Tuesday, December 22, 2015

Memory: The Art of Star Wars exhibit, Dec. 27, 1994-March 12, 1995, San Francisco

In honor of The Force Awakens, which I've already reviewed:

art of star wars 1995At left is my poster from The Art of Star Wars, an exhibit of props and costumes from the original trilogy, shown at the Center for the Arts in Yerba Buena Gardens in San Francisco, California December 27, 1994 through March 12, 1995. At the time, it was the largest display of Star Wars props, costumes and masks ever exhibited to the public. The unexpected HUGE success of this exhibit, and the unexpected WILD success of the original trilogy re-releases in the 90s before the prequels came out, lead to the creation of the much better known, much slicker, and smaller Star Wars exhibit tour in 2000-2002 (which I also saw) that dumped you at the end into a gift shop packed with Star Wars-related merchandise.

The poster at left is now in my home office (which has purple walls, OF COURSE). I went to this original San Francisco exhibit on my 29th birthday in January and wrote a lovely, emotional review of the show on the America Online Star Wars group - sadly, I didn't save that review.

But here's what I remember:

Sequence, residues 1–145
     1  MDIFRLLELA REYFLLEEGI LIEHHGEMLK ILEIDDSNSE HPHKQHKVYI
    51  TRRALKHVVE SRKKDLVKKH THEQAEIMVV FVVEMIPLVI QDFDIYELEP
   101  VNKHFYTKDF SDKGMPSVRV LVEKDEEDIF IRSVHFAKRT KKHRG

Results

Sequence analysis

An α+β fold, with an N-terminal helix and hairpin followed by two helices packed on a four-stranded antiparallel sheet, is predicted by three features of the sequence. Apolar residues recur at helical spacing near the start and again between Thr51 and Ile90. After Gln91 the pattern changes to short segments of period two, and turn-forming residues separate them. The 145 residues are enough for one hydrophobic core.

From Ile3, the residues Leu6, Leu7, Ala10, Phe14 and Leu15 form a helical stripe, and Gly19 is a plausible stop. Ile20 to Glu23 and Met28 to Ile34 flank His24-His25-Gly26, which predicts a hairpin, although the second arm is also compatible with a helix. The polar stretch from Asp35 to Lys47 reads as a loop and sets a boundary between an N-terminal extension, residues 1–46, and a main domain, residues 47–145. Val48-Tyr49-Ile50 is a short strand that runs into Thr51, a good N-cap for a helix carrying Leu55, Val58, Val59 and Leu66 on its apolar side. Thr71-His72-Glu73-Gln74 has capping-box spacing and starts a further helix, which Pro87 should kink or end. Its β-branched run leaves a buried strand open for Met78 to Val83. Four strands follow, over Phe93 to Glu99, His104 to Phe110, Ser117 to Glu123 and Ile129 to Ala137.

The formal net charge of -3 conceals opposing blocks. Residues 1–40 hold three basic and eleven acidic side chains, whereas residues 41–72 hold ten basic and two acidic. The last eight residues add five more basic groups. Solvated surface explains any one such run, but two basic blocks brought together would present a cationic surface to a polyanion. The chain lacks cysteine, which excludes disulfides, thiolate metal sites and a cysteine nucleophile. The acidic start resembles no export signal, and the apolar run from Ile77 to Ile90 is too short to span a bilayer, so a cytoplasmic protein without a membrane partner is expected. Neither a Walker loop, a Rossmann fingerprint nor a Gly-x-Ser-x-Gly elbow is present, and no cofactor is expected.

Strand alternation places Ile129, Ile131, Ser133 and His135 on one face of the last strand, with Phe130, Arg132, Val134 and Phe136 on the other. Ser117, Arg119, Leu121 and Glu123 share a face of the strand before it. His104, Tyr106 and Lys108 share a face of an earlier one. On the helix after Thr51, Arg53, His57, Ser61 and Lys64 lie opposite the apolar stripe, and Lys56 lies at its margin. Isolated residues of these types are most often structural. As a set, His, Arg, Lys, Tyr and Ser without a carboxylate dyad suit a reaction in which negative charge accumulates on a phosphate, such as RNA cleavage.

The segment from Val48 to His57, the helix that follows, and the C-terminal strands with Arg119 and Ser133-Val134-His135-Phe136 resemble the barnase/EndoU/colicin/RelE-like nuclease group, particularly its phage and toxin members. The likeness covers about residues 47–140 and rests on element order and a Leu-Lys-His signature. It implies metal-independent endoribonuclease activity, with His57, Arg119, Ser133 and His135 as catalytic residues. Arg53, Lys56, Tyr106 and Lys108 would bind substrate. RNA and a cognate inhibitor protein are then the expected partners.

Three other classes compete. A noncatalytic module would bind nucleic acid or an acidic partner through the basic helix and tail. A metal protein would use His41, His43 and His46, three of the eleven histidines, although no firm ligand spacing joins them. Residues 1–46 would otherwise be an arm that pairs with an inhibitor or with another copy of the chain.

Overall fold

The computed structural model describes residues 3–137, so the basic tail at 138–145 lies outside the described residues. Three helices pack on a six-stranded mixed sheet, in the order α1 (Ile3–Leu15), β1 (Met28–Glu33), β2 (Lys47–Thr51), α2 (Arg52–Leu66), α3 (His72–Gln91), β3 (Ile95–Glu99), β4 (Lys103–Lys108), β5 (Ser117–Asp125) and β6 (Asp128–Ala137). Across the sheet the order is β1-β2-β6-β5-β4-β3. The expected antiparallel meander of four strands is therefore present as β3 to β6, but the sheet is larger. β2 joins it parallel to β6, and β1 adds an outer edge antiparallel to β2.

A full-sized Yoda puppet stood by the entrance, in a glass case, but the light showing it didn't stay on but for a few seconds. It was the same for the Darth Vader costume. The sign said something about doing that because you only got a glimpse of them in the movies, never a long look, and they wanted a similar experience in the exhibit - indeed, viewing Vader's costume up close made it look cheaply made, definitely not intended for long closeups on screen. Then came the ships. Of course I lost my mind seeing the Millennium Falcon model up close, as well as the little toy ship Luke is playing with in "Star Wars" when he says "It just isn't fair..." - that was actually a ship model for the movie, a version of which was used as the shuttle in ROTJ. I seem to recall the escape pod from Star Wars was pretty much just a bucket. All of the props, up close, under that direct light, didn't look like anything special - and I kind of loved that, knowing that these simply made things look oh so magical in the movies. I remember one of the matte paintings on display from ROTJ, I think, had a storm trooper that had a white smiley face instead of a proper helmet - off to the side, would never have made it on screen. And I cried when I came into the hall with all the costumes - just burst into tears and had to sit down.

Here is an awesome fan-made video of the exhibit

Here's a blog by a guy who was actually at the opening when he was a kid

There's an archive of exhibit photos by a fan, and his impressions, here

Here's another fan's archive

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